Not just indie and retro,  but the first real "character introduction" song on the soundtrack to my book EKO: specifically, for one of the main characters, Phaira, when she's at her lowest.  That sharp guitar plucking, the droning, sliding, slightly druggy rock chorus, and those howling lyrics "I feel like a star" that hold the exact opposite meaning; that's so her, in that moment in her life.  If you want to hear more songs from my little invented world, I've got a Spotify soundtrack for every book here.

Another note: I actually saw Edwin in 1999, when this song was just out in Canada, playing a small concert at the University of Windsor, where I was a freshman.  It was the first real "concert" I'd ever been to (and that's not saying much, because it was in a club, not a proper venue).  But memorable, nonetheless.  And I'm still playing "Trippin'", fifteen years later.
 
 
Twelve years ago, I really thought The Music would take off with this first single.  But alas, this is the only one I ever heard, and it's a shame, because it kicks ass.  Still love to  blasting this while driving: that rolling guitar riff, the drums, the impressive voice range.
 
 
Much like Tove Lo's Habits, which is getting a lot of airplay, here's another one that I predict will cross over to mainstream radio and probably soon.  Full of hooks, with sing-a-long parts and romantic teen-esque lyrics.  Perfectly pleasant to listen to.  Get the scoop.
 
 
I'm not surprised that the Kid was into this single the first time he heard it; bouncy beat, quirky synth sounds and distortion, pretty standard composition and chord progression, but still catchy as hell.  This is one that I can see crossing over to mainstream radio, so let's see what happens over the next few months.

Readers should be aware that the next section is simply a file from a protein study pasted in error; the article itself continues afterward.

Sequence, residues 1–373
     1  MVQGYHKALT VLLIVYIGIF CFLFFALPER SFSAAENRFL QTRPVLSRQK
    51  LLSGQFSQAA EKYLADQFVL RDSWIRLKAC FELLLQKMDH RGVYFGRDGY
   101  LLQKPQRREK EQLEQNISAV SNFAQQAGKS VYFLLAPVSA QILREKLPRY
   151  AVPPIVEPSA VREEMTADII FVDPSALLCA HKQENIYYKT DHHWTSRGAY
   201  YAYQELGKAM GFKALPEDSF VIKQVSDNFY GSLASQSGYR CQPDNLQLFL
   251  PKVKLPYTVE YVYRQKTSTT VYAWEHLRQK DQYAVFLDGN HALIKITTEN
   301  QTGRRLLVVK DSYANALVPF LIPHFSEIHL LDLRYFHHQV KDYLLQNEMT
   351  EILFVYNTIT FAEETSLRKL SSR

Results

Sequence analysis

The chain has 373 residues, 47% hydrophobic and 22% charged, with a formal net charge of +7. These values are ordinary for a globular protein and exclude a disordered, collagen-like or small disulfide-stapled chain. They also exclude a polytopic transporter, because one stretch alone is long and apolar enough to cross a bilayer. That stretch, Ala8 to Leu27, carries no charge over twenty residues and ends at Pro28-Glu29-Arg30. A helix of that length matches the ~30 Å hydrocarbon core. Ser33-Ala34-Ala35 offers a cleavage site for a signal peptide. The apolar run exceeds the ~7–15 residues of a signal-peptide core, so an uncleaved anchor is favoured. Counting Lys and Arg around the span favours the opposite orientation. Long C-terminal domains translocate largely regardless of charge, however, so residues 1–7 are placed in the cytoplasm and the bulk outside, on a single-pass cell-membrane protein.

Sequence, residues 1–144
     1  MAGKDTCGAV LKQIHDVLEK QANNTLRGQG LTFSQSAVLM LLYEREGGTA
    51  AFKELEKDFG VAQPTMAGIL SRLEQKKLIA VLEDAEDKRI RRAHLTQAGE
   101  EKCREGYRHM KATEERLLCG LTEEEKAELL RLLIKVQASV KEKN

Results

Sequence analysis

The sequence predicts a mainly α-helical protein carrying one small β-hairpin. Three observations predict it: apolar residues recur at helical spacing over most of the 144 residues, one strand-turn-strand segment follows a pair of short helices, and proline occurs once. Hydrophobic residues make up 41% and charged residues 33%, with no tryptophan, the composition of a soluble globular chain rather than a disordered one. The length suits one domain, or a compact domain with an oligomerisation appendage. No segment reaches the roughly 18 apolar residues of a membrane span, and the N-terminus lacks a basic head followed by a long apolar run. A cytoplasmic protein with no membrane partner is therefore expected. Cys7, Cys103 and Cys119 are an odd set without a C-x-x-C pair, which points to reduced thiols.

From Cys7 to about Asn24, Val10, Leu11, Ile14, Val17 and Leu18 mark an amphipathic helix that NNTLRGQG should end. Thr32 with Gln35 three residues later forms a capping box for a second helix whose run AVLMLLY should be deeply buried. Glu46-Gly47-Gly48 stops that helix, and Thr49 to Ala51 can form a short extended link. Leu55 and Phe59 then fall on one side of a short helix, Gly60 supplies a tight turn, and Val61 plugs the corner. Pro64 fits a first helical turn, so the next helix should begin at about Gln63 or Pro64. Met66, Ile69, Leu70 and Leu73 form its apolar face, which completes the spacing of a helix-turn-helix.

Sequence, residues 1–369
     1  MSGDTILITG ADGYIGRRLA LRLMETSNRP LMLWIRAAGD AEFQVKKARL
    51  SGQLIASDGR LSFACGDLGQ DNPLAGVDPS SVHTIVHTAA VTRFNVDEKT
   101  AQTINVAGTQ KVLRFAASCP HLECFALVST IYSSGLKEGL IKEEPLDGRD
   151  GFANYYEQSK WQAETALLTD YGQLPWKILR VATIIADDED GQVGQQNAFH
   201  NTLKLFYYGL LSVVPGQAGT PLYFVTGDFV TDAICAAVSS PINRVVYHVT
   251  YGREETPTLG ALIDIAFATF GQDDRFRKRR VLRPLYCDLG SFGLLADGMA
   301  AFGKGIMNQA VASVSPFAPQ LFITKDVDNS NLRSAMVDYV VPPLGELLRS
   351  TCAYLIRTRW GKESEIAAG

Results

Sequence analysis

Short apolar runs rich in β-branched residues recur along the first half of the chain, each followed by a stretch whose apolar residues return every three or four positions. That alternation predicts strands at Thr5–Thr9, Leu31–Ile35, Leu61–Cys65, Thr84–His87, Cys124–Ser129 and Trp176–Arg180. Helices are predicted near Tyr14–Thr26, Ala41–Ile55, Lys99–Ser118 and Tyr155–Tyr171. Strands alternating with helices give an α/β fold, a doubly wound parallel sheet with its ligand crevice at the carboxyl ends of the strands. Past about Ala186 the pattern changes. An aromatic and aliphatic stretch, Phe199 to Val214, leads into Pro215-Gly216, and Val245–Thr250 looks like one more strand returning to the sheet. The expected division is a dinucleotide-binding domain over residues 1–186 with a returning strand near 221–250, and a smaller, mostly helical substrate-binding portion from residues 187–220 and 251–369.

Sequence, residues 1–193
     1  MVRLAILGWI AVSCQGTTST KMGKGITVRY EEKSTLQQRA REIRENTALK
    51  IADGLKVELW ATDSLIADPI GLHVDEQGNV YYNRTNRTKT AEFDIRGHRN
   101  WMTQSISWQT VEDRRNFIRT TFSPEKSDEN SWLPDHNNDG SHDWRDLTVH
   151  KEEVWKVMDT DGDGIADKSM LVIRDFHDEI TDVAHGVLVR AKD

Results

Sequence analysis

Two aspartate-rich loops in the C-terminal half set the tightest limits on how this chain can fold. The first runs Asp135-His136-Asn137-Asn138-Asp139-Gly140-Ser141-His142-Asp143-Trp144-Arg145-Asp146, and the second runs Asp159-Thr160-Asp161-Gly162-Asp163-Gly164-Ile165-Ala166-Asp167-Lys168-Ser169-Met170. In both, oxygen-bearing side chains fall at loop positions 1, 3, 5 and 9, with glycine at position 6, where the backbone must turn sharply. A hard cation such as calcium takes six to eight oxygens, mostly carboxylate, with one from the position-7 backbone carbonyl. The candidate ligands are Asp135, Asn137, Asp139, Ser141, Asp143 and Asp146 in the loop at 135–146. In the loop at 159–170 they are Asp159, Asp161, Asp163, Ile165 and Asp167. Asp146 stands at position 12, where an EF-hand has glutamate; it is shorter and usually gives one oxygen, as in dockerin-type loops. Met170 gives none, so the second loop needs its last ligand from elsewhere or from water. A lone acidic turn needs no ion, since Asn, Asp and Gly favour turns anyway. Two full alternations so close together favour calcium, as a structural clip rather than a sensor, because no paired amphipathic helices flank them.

Impulse post, because it's playing now as I write stories with my headphones on, and I've loved it since my first listen a few years back and never shared it.  Released in 2007, it's got a poignancy and plaintiveness that hits me every time:

 "And all the love we fought / and all the fights we lost / I have to let it go / It's not surreal at all / It's real but it's gone / I have to let it go...."

This version is live, in a radio station, and piano-only with vocals - the released version has drums and mild guitar.   It's the only decent version on YouTube though - that's how indie this is. Start it at .020 in.
 
 
 A mix of folk + soul, and just a little experimental, the lead singer's voice reminds me of Frou Frou / Imogene Heap. I love the strings that come in near the end; my favorite part.
 
 
Stormy and loud, dramatic and melodic, drums and digital beats, the hard-driving "Witchcraft" is on the soundtrack to one of my books; the video is pretty cool, too.  Also love their  loud, textured  "Propane Nightmares" too, and the extra-creepy video.
 
 
Because it's been an odd day, and I just got some news that left me confused and pensive - let's go with "Wave" by Beck, from his new album MORNING PHASE.  Ethereal, string-heavy, like water flowing and receding.  Brooding and good for heavy thoughts.  

And full disclosure: I watch So You Think You Can Dance, and this is the song that accompanies a favorite routine of mine this season (one of only two memorable ones, this year is crap):
 
 
Another new-wave electronica pick from the Kid, taken from the archives of my iPhone  - Triangle Forest is a Providence-based band that I saw twice in the city back in 2009.  Their album Hostile Takeover definitely sounds home-made, but I still like it, and this is the best single off the album, in my opinion. 

Interesting factoid: I heard the lead singer is a science professor somewhere..... 

Updated: He works at the same college that I do, though on a different campus!  How weird. I'm halfway tempted to go find his office and snoop around....
 
 
I am a suffocator. I fall hard, I fall fast, and traditionally, I scare people off.  High school was brutal, college wasn't much better. So of course, I reflectively relate to the lyrics in this one: "I'm sorry if I smothered you...."  Simple, melancholy, drifting and water-like, there is a universal poignancy in the line: "I want him, but we're not right."  How many situations does that encompass?  Somber and brilliant.